Probate Law & the Statute of Limitations

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Probate law, commonly known as estate law, almost always contains a provision for a statute of limitations on a probate. Statutes of limitations have been in use for hundreds of years, although the exact time frame differs from state to state and country to country. Even if the statute of limitations passes, several exceptions exist to extend probate deadlines.


Probate law establishes the legal transfer of property to the next of kin after a person dies, including any applicable estate taxes, according to FreeAdvice Law. When a written will exists, probate law is still applicable and allows for such things as protesting the veracity of a will. Statute of limitations requires that an attorney or interested party file a will within a certain time of death of the deceased.


The first evidence of a statute of limitations occurred in early Roman law. However, it was not until 16th century English common law that a statute of limitations was used for property inheritance and probate law, according to Encyclopedia Britannica.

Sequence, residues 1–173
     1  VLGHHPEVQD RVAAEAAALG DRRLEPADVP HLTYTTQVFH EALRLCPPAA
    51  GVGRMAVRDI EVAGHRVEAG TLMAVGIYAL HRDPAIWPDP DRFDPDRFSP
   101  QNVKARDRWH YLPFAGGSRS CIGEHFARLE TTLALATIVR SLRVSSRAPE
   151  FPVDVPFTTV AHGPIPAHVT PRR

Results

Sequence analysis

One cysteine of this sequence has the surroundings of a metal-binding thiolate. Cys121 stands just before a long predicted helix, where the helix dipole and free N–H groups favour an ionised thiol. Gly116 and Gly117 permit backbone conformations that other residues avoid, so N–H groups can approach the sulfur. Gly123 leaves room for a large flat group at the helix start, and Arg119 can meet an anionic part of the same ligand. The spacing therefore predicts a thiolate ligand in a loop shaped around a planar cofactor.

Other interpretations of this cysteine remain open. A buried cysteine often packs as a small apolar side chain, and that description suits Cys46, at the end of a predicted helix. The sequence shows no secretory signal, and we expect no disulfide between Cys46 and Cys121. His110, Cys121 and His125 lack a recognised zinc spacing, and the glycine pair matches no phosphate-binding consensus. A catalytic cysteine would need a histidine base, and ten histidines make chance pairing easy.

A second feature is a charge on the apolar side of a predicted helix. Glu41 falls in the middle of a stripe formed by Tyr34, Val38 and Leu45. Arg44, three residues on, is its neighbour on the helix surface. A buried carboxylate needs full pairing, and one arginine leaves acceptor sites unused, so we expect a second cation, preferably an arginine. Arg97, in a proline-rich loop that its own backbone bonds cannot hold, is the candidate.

All states in the United States have some form of probate law, including a statute of limitations, but not all of them adhere to the same rules and regulations, according to FindLaw's estate page. Twenty states participate in the Uniform Probate Code, which offers a standard package of probate laws that simplifies bequeathing wills and estates. In the other 30 states, probate law might have a different name and regulations.


One other type of statute of limitations exists within probate law other than the filing time limit: the time limit on contesting a will. In Texas, the contestant has two years to contest a will, according to Texas attorney Paul Premack. Two exceptions exist to the statute of limitations of a will protest. A protest based on suspected forgery extends the the statute of limitations two years in most cases. Also, an incapacitated person named in a will usually gets an extra two years, more if they are minor waiting to turn 18.

Exceptions to Filing Limitations

An executor in the United States has four years to file a probate. However, the courts allow exceptions for this time limit, called "default." For the courts to consider a probate not in default, the person filing for the probate must demonstrate that they attempted to file a probate, but couldn't. Other common exceptions to the statute of limitations involve finding new assets or extremely long periods of time that demonstrate a lack of knowledge of probate law, according to Premack.